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The Innocent ★★★



Director: Louis Garrel

Cast: Louis Garrel, Noémie Merlant

Release: 25th August 2023

Although he is known for his acting roles in Bernardo Bertolucci’s The Dreamers and Greta Gerwig’s Little Women, Louis Garrell is a Caméra d’Or-nominated filmmaker and screenwriter. Premiering at Cannes 2022, his latest film, The Innocent (OV: L’Innocent), marks his fourth directorial feature and sees the actor star alongside Portrait of a Lady on Fire actress Noémie Merlant.

Set in Lyon, widower Abel (Garrel) is immediately suspicious when his mother Sylvie (Anouk Grinberg) falls for and quickly marries convict Michel (Roschdy Zem), whom she meets through prison theatre school. Upon his release, Michel tries to bond with Abel and for the sake of his mother, the latter agrees to be cordial. But his suspicions linger under the surface, and, with the help of his free-spirited friend Clémence (Merlant), Abel aims to seek out the truth behind his mother’s new husband.

The Innocent immediately establishes a consistent theme – not everything is as it seems. The film opens with a shady guy trying to organise a job, with his gravely voice and threatening demeanour setting up a chilling tone – only for the camera to pan out to an encouraging and collaborative prison theatre class. One of the prisoners, Michel, shares his probation update with teacher Slyvie, who is more than happy about this news. So much so the scene ends with her excitedly yelling a declaration of love while following Michel’s prison van at full speed – with her perplexed son Abel cowering in the passenger seat.

Whether it is certain characters pretending to be something they are not or shady developments in the background, the collaborative screenplay creates waves of intrigue that sway between paranoia and plain stubbornness. Most of this is driven by Abel’s mission to discredit Michel and protect his loved-up mother, which causes inklings of comedy, but these are balanced by fleeting yet morose moments from his past. Abel is not over the loss of his late wife Maud (especially due to his involvement in her death) and cannot connect with others, with only his colleague (and Maud’s best friend) Clémence tolerating his rundown demeanour. His immense guardedness subsequently extends to other characters, so it is easy to see the characters’ discontentment with their lives. Ranging from Clémence’s string of failed dates to Slyvie stepping away from her love of the theatre and her increasing emotional reliance on Michel, every character subsequently hides a part of themselves during the film’s neon-lit appearances. As a result, this overly secretive nature occasionally causes the first half of The Innocent to drag its heels through Abel’s clumsy attempts to spy on Michel – despite Clémence and Sylvie’s attempts to chill him out – while failing to refine the presence of supporting characters.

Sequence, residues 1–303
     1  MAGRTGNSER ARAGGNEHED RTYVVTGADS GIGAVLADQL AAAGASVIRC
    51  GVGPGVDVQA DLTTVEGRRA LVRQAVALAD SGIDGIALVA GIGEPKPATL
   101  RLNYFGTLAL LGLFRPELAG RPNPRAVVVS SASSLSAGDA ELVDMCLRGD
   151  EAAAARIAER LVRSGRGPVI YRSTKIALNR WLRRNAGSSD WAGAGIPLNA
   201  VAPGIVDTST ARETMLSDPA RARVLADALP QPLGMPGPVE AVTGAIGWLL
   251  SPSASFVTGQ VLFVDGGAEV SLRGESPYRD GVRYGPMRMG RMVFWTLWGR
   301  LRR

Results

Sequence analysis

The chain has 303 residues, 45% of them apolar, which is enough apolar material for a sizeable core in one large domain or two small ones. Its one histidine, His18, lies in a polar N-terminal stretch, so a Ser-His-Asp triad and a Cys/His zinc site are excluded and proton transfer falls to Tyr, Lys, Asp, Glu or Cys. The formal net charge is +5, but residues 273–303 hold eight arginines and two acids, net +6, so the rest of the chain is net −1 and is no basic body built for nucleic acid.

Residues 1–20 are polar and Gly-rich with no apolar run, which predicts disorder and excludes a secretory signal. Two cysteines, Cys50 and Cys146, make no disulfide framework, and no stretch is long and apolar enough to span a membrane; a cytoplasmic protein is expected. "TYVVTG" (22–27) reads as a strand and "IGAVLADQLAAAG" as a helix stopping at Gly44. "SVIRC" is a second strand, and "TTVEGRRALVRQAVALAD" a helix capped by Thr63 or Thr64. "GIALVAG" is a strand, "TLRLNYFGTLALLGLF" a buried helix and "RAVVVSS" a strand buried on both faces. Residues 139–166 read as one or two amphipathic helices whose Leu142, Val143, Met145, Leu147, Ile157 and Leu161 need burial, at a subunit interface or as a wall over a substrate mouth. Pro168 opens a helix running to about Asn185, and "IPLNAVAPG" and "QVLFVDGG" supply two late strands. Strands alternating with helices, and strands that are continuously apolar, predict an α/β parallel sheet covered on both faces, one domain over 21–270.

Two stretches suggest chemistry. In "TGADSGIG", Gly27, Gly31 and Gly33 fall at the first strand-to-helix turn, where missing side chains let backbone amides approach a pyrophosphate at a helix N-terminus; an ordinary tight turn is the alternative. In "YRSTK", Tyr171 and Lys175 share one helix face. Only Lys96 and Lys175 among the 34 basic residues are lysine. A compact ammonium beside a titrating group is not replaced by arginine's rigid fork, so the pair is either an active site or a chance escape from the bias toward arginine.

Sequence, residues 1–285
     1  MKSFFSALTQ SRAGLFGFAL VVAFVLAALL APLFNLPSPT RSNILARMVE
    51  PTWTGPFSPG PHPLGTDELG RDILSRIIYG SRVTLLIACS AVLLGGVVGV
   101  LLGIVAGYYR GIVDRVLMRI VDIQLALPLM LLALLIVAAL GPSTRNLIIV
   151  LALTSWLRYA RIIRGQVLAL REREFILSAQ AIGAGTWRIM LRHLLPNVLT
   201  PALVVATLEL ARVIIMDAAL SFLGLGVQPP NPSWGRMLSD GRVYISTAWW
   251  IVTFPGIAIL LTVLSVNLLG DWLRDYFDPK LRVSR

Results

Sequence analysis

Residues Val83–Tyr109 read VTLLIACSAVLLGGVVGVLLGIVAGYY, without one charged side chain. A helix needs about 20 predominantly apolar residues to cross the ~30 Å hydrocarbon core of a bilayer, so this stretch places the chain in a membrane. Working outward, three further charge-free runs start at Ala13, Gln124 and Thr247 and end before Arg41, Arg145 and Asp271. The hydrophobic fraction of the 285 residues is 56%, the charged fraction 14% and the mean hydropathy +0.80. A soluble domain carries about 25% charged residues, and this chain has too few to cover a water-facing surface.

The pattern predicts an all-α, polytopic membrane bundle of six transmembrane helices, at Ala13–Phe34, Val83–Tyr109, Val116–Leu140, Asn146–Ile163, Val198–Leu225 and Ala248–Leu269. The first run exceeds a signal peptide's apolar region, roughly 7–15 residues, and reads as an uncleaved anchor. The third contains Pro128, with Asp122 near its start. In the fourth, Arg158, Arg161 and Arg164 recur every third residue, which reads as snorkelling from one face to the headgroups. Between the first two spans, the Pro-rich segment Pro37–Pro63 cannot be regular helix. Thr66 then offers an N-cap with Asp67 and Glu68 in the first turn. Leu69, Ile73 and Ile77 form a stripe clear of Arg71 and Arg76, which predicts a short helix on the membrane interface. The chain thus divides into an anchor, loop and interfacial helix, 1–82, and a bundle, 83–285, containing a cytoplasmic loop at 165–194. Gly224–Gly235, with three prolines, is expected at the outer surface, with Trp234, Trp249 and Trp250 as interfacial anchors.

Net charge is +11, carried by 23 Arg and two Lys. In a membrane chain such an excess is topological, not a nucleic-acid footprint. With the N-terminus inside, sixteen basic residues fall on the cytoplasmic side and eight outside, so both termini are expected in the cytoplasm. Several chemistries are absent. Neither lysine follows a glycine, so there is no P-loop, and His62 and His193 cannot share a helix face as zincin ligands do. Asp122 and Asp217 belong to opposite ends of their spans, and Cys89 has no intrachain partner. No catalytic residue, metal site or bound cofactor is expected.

In terms of performances, it is a mixed bag. Amid Garrel and Zem’s broodiness and Grinberg’s quirkiness, Merlant is a standout piece of casting, as she conveys eccentricity, confidence and quiet contemplation through her performance. Nonetheless, the collective strength of these actors comes into full force during the second half of The Innocent, which sees Michel, Abel and Clémence embroiled in a tense situation involving a heist. Competing against the clock, Garrel elevates the tension in not only the screenplay and intimate direction but also among the characters, as they have to now rely on each other to avoid getting killed. The risks of the job at hand cause the masks on certain characters to slip, essentially exposing the unspoken truths of the small ensemble. Sylvie comes to terms with the life as a humble shopkeeper, while Michel contends with settling scores in his past to ensure his future. However, Abel and Clémence are the ones most affected by the need for home truths, as they are forced to improvise when plans go awry. Highlighting Garrel and Merlant’s talents, the two friends unexpectedly to pour their hearts out to each other (in the hope of distracting a lorry driver), which ends up becoming an impassioned and engrossing tearjerker of a scene – paving the way for this straightforward caper to descend into mildly comical chaos.

When the film comes to a bittersweet climax, it concludes the strange balance between comedy and drama amid Garrel’s family crime caper. While its unpredictability delivers sporadic laughs, The Innocent’s strongest weapon is its unexpected heart, which is reinforced by its solid performances.

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